The yield on 10-year Italian bonds fell from the euro era highs reached in November, settling slightly below the market-sensitive level of 7 percent in an auction on Thursday but failing to calm jitters over the country's ability to raise funds in the markets next year.
Italy sold just over 7 billion euros ($9 billion) in longer-dated bonds in the auction, against a planned range of between 5 billion and 8.5 billion euros.
The yield on the 10-year bond fell to 6.98 percent from November's 7.56 percent.
Yields on three-year Italian debt fell to 5.62 percent, much lower from 7.89 percent in a similar auction a month ago.
The euro pared some of its losses immediately after the auction but then dropped further to one-year low against the dollar. European shares were virtually flat in thin trading.
"Are we going to see in the next few weeks a significant rally in Italian bond yields? The answer is probably not," Bob Parker, a senior advisor at Credit Suisse, said.
The European Central Bank bought small quantities of Italian debt in the open market after the auction, dealers told Reuters.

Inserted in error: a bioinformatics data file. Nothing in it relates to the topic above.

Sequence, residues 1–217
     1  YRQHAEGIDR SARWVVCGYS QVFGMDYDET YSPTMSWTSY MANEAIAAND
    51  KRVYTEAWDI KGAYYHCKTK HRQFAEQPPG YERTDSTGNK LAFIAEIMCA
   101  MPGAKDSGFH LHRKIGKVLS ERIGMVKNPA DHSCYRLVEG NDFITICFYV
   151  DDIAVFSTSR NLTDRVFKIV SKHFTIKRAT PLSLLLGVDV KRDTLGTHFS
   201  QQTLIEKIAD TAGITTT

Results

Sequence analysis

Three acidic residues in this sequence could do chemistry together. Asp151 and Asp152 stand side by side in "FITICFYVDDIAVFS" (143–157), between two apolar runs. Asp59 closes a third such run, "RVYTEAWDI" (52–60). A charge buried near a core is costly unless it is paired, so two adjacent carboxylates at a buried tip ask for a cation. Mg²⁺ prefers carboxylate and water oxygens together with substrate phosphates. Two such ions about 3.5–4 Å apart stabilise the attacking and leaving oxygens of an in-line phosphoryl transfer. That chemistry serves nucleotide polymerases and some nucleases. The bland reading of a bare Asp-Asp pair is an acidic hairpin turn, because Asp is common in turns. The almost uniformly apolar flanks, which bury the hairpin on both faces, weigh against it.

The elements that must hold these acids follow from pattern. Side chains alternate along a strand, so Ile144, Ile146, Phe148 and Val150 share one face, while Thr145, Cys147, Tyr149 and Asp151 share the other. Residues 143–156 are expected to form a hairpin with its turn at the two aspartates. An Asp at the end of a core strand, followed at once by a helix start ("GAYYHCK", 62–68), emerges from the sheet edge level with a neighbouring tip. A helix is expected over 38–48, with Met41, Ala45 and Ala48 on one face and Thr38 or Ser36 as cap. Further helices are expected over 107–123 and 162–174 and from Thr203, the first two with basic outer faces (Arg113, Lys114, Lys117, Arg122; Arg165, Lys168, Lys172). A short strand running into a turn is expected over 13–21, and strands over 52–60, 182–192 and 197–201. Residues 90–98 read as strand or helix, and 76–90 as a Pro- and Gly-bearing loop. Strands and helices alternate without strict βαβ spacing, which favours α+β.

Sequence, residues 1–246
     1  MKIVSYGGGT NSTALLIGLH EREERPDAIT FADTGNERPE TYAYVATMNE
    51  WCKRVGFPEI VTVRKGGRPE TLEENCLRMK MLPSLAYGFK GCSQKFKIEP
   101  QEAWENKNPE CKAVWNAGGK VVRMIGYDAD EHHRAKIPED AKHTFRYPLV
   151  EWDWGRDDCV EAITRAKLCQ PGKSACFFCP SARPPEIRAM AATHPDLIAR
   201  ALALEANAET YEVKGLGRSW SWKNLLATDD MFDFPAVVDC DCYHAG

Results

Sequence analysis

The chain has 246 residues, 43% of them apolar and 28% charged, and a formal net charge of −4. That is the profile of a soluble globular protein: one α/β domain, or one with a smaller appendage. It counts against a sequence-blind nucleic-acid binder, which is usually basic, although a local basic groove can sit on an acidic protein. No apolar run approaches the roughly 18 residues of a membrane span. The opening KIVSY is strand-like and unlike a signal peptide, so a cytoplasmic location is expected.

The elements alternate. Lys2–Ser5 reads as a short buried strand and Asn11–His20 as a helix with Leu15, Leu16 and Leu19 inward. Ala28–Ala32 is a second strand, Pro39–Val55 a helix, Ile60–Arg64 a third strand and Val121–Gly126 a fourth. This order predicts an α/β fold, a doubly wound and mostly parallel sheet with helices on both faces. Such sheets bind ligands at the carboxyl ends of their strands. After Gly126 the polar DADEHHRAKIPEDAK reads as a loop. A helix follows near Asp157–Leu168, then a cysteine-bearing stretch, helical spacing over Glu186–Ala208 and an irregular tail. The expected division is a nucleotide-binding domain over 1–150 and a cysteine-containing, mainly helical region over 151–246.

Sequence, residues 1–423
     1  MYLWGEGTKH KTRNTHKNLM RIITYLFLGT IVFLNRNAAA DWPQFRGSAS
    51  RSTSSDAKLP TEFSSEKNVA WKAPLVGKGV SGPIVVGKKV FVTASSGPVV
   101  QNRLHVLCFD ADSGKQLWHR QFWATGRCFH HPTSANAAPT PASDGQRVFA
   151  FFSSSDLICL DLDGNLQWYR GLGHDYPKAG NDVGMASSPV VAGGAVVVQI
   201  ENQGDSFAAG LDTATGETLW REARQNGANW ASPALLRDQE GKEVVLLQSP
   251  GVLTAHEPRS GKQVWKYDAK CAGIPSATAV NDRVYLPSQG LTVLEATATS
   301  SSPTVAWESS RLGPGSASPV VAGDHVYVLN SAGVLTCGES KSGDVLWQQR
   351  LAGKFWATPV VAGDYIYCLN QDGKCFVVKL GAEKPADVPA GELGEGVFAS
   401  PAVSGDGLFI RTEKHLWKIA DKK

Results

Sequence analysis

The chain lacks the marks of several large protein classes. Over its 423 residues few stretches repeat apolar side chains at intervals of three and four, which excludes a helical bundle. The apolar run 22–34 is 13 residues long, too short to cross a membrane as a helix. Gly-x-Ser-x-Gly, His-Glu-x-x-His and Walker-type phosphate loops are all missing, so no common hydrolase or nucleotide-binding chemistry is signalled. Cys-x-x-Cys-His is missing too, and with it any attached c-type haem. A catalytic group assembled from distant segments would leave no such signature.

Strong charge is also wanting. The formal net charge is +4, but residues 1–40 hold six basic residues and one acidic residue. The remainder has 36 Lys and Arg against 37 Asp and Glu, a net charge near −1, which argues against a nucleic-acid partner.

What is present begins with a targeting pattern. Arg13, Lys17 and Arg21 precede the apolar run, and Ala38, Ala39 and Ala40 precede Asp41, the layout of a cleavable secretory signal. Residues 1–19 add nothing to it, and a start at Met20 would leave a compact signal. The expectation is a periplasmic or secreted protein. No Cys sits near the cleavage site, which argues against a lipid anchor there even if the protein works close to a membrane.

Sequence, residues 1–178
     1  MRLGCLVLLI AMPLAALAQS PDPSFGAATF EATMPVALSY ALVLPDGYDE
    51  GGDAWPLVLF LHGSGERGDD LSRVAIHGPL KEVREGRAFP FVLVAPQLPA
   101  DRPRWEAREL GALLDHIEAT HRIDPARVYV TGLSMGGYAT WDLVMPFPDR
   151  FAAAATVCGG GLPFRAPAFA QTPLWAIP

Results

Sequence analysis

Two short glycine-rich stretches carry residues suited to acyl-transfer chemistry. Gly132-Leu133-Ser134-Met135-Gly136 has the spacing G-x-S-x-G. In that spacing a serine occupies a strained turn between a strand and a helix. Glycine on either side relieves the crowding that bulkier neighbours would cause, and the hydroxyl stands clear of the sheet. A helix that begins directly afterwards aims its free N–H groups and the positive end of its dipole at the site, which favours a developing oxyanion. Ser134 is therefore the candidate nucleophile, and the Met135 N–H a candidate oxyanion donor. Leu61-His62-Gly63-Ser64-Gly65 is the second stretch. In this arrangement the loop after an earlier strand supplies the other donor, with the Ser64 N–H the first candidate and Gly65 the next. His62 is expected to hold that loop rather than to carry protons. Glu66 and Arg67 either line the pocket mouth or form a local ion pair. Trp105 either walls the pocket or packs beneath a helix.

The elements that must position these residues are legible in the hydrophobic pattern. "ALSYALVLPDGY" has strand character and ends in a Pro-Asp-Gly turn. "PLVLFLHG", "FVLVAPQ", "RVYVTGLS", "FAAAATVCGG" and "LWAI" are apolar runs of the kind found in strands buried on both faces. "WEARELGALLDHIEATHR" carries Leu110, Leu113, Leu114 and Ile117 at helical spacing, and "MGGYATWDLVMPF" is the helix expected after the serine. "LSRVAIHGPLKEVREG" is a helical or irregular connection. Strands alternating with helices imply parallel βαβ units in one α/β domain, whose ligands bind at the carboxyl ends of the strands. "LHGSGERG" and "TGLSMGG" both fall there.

Investors were looking to the auction to see whether appetite for the country's debt had returned, after yields halved in the sale of six-month T-bills on Wednesday.
Some analysts have warned about the dangers posed by the fact that around 193 billion euros of Italian debt is coming due next year, with 91.7 billion euros due to be refinanced between February and April.
Parker said his central scenario was that the country will get through it.
"Italy still has a very high domestic savings rate, the duration of its debt is over 6 years," Parker said.
But he also warned that other countries, when they were confronted with a series of failed auctions, had to ask for bailouts as yields on their debt jumped to unsustainable levels.
"What's the extreme event? The extreme event is that we could have a series of failed auctions," Parker said.
"There is a good 20-25 percent probability that a failure in a debt auction could send yields spiraling higher," he added.
Italian Prime Minister Mario Monti said the auctions were positive but warned that market volatility could continue, according to Reuters.
"Auctions held yesterday and today went rather well, but the financial turbulence absolutely isn't over," Monti said during a traditional end-year press conference.